“A typical day on the Public Partnership Wellbeing Line is one where I am prepared to both provide emotional support and critical resources to LA County employee community members,” said Alejandra. “During calls, I lean in and listen attentively to what our callers are sharing. I can’t rely on body language and movement to connect, so creatively connecting with callers through active listening while being able to hold their experience in a non-judgmental but supportive way is my typical goal.” 

Alejandra participates in this space of support and care to civil servants and other providers seeking to build resiliency and bear witness to much of the hurt that is happening behind closed doors, especially since so many are confined to their homes more than ever before. In bringing resources and relief to callers, the wellbeing helpline specialists are healing and continuing to build community under these isolating circumstances.      

Alejandra’s support is timely and necessary as Angelenos head into a holiday season under the constraints of the pandemic that limit or prevent gatherings entirely in an effort to curb the pandemic’s spread in the winter months.  

Her selflessness to help others is deeply heartfelt and comes from a place of true empathy, as Alejandra has faced her own trials. “As a cancer survivor, being of service in this moment of uncertainty is a personally meaningful undertaking. I have had to sit in the unknown since my diagnosis, so it is a place I know well. And while these are different circumstances, it is a familiar feeling and my source of resiliency that I can pass along to others who I now share this space with,” she said.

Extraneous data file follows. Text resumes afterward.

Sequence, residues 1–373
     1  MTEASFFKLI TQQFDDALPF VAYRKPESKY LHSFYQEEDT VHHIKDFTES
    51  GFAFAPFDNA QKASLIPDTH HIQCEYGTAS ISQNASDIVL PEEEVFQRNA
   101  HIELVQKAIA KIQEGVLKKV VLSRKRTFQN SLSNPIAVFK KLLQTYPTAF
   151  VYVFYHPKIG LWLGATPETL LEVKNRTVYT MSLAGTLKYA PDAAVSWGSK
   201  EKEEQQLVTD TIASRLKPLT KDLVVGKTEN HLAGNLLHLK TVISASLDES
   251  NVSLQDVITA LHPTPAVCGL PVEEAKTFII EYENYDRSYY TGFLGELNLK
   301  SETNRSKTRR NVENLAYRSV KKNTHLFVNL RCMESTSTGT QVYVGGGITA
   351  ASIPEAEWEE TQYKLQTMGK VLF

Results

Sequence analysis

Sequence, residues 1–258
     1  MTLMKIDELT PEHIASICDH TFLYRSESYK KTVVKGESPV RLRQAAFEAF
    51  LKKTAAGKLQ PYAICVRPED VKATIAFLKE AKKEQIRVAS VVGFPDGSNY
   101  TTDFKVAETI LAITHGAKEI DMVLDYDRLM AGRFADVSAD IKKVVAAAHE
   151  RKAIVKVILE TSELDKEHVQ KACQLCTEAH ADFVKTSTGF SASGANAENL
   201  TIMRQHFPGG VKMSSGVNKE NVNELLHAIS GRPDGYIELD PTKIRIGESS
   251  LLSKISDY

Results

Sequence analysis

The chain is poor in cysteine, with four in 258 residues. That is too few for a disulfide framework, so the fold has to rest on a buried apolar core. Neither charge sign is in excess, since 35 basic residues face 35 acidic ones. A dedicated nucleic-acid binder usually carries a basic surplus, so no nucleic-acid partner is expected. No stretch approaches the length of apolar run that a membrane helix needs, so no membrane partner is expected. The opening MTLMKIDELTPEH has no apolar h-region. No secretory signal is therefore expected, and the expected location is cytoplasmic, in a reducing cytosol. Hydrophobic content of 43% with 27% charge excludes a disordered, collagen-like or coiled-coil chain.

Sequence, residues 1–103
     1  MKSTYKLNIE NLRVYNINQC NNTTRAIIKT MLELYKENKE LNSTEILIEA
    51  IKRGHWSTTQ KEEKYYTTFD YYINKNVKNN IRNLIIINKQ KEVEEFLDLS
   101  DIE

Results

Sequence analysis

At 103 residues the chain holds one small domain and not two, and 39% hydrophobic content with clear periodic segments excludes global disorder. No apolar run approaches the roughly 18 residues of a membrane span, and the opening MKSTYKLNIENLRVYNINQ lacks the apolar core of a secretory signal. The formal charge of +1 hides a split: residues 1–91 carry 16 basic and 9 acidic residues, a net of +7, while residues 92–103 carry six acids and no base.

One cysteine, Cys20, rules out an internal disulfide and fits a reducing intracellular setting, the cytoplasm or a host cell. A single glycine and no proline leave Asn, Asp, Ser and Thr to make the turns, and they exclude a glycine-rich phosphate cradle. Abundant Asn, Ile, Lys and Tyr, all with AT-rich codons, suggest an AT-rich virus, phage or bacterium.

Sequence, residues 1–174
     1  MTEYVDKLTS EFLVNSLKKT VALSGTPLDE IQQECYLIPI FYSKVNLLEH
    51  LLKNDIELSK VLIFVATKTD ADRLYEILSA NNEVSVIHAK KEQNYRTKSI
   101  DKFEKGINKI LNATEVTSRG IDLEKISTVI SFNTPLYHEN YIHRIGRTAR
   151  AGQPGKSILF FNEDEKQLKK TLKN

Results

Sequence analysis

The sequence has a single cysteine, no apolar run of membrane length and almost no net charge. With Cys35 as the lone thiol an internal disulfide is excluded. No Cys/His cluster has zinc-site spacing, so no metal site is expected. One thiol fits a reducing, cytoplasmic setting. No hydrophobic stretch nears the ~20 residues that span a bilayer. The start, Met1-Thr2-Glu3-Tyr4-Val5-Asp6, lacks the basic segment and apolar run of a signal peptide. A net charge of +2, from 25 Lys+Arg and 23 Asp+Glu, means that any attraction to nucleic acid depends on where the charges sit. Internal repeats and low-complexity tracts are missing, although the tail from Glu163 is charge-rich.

When faced with crisis, continued connection from dedicated staff like Alejandra is not only improving lives—it’s saving them. These impactful conversations are integral to helping individuals cope with incredibly sudden, drastic change.  

“There is a moment in a call—that very initial moment where sometimes a person is hesitant to really open up—and when you provide that person with the space where they can be vulnerable, it shifts. I recognize that vulnerability as a step and action towards courage, and it’s in every single call. There’s a little bit of hesitancy and then they open up. It’s in that one key moment where I know that I’ve provided, or started to provide, that space where a person can tear down those walls and tear down the stigma for themselves just by providing this space,” says Alejandra in describing what drives her to help callers in need.  

The Second District would like to extend special thanks and recognition to Alejandra Vargas and all who support the wellbeing helpline in this unprecedented moment of heightened stress. 


Lessons from Project Roomkey

With homelessness expected to worsen as the pandemic continues, Supervisors Mark Ridley-Thomas and Sheila Kuehl are seeking to learn from Project Roomkey, which has taken more than 4,000 people off the streets and into shelter over a span of just four months – an unprecedented feat.